Tip of the Month - December 2009
Negotiating a Settlement: Start by Talking
Source: Every Landlord’s Legal Guide-9th Edition
By: Marcia Stewart
Attorneys Ralph Warner & Janet Portman
If you have a conflict with
your Tenant over rent, repairs, your access to the rental unit, noise,
or some other issue that doesn’t immediately warrant an eviction,
a sensible first step is to meet with the Tenant-even one you consider
to be a hopeless troublemaker-to see if the problem can be
resolved. This advice is based on the simple premise that unless
you have the legal grounds (and the determination) to evict a Tenant,
it’s almost always best to try and negotiate a settlement rather
than let the dispute escalate into a court fight. This is doubly
true if you are convinced your case is just. Given the cost and
delays built into the arthritic American legal system, the more you
rely on it, the more you are likely to regret going to court.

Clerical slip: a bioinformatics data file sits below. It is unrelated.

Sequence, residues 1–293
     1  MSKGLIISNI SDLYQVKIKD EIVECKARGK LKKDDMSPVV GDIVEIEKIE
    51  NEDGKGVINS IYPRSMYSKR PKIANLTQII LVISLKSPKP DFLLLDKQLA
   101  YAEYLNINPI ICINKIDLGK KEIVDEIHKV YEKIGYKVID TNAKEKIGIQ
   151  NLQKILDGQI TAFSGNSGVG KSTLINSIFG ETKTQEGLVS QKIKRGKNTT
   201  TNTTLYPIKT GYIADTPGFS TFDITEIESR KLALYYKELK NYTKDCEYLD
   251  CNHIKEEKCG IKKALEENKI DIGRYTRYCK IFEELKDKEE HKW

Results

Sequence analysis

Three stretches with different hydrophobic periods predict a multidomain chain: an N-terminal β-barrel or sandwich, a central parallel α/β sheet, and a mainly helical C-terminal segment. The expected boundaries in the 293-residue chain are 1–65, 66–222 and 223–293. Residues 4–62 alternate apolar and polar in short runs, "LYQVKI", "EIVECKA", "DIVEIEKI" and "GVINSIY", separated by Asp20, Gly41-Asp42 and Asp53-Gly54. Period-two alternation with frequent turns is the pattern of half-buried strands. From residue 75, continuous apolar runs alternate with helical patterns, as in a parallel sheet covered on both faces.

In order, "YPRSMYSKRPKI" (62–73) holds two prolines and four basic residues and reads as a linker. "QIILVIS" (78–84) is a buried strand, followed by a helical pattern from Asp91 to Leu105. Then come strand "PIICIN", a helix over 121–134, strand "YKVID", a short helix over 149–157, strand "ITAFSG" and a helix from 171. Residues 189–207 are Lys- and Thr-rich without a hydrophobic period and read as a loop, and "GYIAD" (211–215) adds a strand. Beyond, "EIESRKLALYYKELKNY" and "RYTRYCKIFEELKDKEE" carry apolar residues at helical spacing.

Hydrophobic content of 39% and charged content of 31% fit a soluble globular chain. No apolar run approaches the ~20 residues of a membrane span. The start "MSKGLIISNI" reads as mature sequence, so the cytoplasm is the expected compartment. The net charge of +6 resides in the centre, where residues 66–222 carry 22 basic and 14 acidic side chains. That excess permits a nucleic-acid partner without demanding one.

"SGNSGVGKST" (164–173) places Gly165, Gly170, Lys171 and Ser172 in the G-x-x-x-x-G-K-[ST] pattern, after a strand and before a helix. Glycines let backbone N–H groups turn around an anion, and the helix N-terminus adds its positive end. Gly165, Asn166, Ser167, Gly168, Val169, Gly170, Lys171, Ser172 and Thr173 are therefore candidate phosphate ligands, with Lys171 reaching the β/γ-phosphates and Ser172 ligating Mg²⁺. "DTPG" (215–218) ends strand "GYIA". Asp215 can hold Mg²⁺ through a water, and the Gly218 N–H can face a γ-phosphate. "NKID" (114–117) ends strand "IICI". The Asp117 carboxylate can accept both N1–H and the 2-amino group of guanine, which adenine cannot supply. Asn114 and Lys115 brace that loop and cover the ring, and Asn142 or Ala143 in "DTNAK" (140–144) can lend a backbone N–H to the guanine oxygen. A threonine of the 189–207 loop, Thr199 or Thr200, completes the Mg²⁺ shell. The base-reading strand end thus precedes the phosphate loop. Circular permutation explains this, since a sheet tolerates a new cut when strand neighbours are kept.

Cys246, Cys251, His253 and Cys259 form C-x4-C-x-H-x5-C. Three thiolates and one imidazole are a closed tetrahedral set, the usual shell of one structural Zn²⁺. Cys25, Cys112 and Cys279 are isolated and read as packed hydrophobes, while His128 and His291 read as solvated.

Solicit the Tenant’s point of view.
Once the Tenant starts talking, listen closely and don’t
interrupt, even if some of his points are not true or some of his
opinions are inflammatory.
When the Tenant has wound down, acknowledge that you have heard his key points, even if you disagree with them.
Sometimes it’s even a good idea to repeat the Tenant’s
concerns so he will realize you know what they are and will stop
Tip from Crossett Real Estate Services
Our experience has shown that communication skills play a strong role in addressing conflicts with Tenants..
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This web page was updated on 12/01/2009.